Who the heck strolls the pier in their Sunday best with their nose in the air? I’m there almost daily and never saw those kind of people. I think some elderly people would like to take a stroll and benches and gazebos would be apt for them. Even so, there remains a lot of space for the imagination to do its wonders.

If the Town is going to restore the pier to handle vehicular traffic, then it should add water and electricity capability as an enticement for commercial enterprise

Rusty Brown

Yes, exactly. There are long stretches of gentrified and beautified walkway with wrought iron fixtures, benches and hanging flower baskets along the harbour’s northern edge for those who want to stroll in style. Let them have it. Leave the east pier for the rest of us in our vehicles and on our bikes.


wonderful -now just do it –

Art Seymour

What a wonderful , meaningful, and lasting legacy our current council could, indeed, do!!!

Waterfront owner

Love all your thoughts for the east pier. When can we start

Terry Barker

Would be another lost for the citizens of Cobourg. Older people who can’t get out and walk at least they can be driven out on the pier to enjoy the view with out having to pay. The vintage car group after being driven out of their first spot by tourist found a spot on the pier they could meet Sunday nights. All these ideas are great to draw tourist but the only time the people of Cobourg who pay for this get to enjoy the harbour is in the winter. Why you see lots of cars going out on the pier is because they enjoy it.

Waterfront owner

The pier is long. Why not have a place for vechlicles and a park like setting at the far end for pedestrians. Best of both can be accomplished. Great idea Gramme. Let’s just do it instead of procrastinating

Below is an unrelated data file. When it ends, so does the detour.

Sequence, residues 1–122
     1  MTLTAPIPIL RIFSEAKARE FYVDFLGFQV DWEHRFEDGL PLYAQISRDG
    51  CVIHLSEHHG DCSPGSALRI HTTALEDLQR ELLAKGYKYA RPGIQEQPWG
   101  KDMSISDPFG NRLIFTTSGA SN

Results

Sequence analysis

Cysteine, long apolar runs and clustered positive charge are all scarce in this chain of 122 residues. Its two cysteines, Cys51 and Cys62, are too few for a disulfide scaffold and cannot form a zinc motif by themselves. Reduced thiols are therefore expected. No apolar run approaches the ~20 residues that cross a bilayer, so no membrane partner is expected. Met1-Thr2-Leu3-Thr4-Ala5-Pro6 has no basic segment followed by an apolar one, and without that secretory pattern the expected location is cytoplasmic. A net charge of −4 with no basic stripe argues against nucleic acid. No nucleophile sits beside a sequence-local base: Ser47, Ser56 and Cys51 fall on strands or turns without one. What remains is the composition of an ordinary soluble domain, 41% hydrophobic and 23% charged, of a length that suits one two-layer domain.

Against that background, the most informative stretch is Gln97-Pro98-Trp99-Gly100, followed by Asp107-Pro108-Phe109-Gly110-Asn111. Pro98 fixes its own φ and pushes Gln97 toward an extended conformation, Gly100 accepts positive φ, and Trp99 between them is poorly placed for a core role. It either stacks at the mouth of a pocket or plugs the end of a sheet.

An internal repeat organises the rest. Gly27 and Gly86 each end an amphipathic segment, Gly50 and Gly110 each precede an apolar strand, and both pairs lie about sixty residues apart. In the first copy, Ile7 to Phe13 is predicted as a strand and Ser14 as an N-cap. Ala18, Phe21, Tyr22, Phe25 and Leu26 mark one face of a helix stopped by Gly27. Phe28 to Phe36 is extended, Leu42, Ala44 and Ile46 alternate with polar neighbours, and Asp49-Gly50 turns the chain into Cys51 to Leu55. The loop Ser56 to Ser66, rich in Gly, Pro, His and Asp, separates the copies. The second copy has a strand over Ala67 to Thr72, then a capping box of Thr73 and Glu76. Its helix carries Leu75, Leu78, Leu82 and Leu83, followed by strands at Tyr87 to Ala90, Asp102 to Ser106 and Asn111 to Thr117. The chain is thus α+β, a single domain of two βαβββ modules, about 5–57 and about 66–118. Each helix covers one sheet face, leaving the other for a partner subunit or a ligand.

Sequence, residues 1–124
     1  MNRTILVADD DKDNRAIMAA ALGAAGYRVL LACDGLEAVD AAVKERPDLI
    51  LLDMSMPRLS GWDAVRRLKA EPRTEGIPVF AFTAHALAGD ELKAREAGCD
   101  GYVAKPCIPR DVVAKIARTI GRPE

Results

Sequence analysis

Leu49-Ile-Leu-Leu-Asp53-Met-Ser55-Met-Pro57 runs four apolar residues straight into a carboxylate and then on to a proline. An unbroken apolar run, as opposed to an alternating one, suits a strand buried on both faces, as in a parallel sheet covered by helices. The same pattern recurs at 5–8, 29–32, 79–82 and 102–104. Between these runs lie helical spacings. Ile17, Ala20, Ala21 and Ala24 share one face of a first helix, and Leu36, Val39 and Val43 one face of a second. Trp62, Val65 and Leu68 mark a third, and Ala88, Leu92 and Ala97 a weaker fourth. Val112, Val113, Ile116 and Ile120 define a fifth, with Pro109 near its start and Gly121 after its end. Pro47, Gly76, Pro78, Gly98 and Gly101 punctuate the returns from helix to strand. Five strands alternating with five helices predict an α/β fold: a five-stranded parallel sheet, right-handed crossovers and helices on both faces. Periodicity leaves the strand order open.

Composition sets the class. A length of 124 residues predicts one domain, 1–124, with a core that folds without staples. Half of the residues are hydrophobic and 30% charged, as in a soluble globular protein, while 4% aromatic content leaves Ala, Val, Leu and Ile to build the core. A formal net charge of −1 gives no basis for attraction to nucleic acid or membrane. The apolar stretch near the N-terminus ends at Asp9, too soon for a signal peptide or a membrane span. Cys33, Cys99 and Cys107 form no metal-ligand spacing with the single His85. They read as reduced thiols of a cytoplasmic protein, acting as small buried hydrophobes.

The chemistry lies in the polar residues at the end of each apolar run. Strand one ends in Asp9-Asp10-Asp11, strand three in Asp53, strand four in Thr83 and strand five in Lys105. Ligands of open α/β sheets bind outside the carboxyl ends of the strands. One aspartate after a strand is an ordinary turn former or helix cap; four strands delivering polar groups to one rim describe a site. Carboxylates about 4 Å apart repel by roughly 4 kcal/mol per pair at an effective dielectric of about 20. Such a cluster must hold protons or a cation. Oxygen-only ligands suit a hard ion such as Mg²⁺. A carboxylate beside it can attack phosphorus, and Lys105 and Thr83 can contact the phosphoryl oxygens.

Great idea ‘waterfront owner’! I was thinking the same thing. First repair the structural problems with the pier……with the ‘Feds’ kicking in lots of money’……then make the first half of the pier for cars, etc. with diagonal parking only, then turn the rest, out to the light house, into a ‘park like’ setting?
Just a thought?


Excellent idea and one that many towns and cities with lighthouses have implemented. A nice walkway and seating with picturesque views are used as a draw to their towns. I personally sent example pictures to the consultants doing the waterfront study but to no available. The rationale being that birds use the pier and we wouldn’t want to disturb them. I kid you not.
This would be a better use of taxpayers money than a boat life for a few.

Suzanne Seguin

Hi Cobourglin, I would like to see the example pictures that you sent to the waterfront consultants. Could you email them to me please at sseguin@cobourg.ca? Thanks.


Suzanne, check this out too: https://en.wikipedia.org/wiki/Heritage_USA